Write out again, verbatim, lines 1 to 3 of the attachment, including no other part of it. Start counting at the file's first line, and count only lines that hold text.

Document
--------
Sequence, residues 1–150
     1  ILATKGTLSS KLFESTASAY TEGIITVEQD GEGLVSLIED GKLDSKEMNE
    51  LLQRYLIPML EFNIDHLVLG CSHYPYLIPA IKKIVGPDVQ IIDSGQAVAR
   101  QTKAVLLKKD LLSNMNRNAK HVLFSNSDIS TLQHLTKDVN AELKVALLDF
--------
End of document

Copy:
Sequence, residues 1–150
     1  ILATKGTLSS KLFESTASAY TEGIITVEQD GEGLVSLIED GKLDSKEMNE
    51  LLQRYLIPML EFNIDHLVLG CSHYPYLIPA IKKIVGPDVQ IIDSGQAVAR